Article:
The effect of dietary amino acid abundance and isotopic composition on the growth rate, metabolism and tissue δ13C of rainbow trout.
Gaye-Siessegger J., McCullagh JSO., Focken U.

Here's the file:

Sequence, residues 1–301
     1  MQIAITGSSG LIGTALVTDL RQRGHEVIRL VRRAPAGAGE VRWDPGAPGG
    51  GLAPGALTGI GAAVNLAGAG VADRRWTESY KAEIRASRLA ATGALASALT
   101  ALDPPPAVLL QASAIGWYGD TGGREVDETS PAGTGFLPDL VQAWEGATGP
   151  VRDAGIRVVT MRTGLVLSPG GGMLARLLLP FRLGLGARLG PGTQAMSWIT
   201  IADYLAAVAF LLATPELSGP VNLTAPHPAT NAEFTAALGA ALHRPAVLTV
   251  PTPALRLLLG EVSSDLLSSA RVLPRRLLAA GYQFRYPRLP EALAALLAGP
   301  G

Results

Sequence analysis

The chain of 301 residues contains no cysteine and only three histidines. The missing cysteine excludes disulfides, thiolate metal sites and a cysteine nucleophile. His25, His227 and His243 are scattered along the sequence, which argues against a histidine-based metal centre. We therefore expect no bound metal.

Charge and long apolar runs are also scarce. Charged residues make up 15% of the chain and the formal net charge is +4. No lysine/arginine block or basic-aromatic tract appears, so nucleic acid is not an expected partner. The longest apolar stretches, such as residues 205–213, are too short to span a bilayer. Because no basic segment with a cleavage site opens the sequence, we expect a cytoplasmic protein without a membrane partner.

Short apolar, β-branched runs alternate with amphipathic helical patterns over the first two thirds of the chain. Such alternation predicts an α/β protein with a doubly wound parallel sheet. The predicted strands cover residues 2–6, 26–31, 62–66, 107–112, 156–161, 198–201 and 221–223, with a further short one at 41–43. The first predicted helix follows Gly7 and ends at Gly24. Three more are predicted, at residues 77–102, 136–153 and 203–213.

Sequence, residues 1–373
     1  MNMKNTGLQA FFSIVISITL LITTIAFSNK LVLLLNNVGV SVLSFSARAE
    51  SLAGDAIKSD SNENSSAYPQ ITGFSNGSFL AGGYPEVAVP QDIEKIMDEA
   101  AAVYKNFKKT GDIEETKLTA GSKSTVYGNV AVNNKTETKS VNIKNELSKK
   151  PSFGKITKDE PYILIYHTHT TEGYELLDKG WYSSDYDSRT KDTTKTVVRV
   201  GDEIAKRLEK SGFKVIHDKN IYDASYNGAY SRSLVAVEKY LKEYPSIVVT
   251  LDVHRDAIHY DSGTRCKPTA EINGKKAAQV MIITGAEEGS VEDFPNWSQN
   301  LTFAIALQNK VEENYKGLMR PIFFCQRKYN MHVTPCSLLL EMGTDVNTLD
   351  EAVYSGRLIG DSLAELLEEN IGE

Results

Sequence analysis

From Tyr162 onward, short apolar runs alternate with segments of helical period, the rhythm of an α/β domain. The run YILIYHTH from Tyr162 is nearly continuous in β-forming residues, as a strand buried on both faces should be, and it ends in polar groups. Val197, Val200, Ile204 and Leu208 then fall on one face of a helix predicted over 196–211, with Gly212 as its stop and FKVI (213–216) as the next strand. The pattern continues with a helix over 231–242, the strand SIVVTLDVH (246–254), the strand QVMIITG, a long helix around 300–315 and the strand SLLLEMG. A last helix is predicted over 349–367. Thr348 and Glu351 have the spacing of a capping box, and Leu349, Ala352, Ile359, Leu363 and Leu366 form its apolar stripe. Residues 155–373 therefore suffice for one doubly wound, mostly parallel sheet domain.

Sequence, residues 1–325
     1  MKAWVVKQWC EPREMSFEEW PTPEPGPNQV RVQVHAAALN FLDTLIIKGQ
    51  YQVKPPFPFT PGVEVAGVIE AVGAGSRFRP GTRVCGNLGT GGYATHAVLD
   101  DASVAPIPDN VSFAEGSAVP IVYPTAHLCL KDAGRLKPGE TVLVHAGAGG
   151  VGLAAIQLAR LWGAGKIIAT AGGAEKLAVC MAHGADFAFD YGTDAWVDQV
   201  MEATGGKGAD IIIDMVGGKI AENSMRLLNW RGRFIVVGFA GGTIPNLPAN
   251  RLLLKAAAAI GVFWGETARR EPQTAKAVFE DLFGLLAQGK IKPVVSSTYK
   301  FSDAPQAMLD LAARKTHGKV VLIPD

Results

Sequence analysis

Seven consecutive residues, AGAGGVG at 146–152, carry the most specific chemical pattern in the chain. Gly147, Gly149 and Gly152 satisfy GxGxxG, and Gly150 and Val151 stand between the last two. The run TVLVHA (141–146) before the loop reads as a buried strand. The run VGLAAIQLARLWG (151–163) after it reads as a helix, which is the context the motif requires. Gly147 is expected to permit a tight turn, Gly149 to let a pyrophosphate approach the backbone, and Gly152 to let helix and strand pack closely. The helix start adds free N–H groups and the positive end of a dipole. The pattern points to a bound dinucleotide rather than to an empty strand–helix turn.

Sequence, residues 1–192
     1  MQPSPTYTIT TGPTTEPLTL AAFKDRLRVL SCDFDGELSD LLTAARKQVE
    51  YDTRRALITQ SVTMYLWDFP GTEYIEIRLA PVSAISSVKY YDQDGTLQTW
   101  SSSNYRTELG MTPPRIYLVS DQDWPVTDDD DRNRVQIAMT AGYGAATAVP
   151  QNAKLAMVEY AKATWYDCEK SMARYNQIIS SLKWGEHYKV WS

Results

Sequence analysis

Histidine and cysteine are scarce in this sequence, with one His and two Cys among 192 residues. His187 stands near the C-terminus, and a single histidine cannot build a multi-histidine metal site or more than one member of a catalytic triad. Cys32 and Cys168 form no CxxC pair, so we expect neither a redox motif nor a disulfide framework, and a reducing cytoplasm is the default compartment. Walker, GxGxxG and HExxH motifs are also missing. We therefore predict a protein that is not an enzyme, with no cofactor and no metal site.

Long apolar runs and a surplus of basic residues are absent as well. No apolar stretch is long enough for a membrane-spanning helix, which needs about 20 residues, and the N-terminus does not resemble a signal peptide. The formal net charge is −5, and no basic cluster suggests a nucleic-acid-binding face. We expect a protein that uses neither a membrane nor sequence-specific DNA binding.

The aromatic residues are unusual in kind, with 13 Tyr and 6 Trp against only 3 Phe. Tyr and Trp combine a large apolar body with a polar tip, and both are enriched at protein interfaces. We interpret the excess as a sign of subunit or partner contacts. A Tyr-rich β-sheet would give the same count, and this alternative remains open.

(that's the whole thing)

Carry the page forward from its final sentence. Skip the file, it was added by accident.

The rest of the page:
The aim of the present study was to test whether the dietary non-essential/conditionally essential amino acid composition has an effect on growth and protein utilisation and on δ13C of individual amino acids in rainbow trout (Oncorhynchus mykiss). Trout were reared on six purified diets containing only synthetic amino acids in place of protein. Diet 1 mimicked the amino acid composition of fishmeal, in diet 2, cysteine (Cys), glycine (Gly), proline (Pro) and tyrosine (Tyr) were isonitrogenously replaced by their precursor amino acids serine (Ser), glutamic acid (Glu) and phenylalanine (Phe), and in diet 3, alanine (Ala), asparagine and aspartate, Cys, Gly, Pro, Ser and Tyr were isonitrogenously replaced by Glu. Diets 4, 5 and 6 resembled diets 1, 2 and 3 except that Glu contained 0·1 % 13C-enriched Glu. A control group was reared on a fishmeal-based diet. A total of forty-two trout (4·7 (sd 0·57) g) were fed one of the diets at a level of 3·5 % body mass for 10 weeks in a flow-through system. Dietary non-essential amino acid composition significantly influenced protein gain (P < 0·025) and δ13C of Ala, arginine (Arg), Gly, histidine (His), Phe and Tyr. Non-enriched Glu was predominantly found in trout fed 13C-enriched Glu, which is consistent with the fact that Glu has been shown to be used extensively in the gut as an energy source but is less consistent with the enrichment of Pro in fish fed diet 6 compared with fish fed diet 3. Further research is required to better understand the mechanisms that lead to the alteration of amino acid δ13C between diet and body tissues.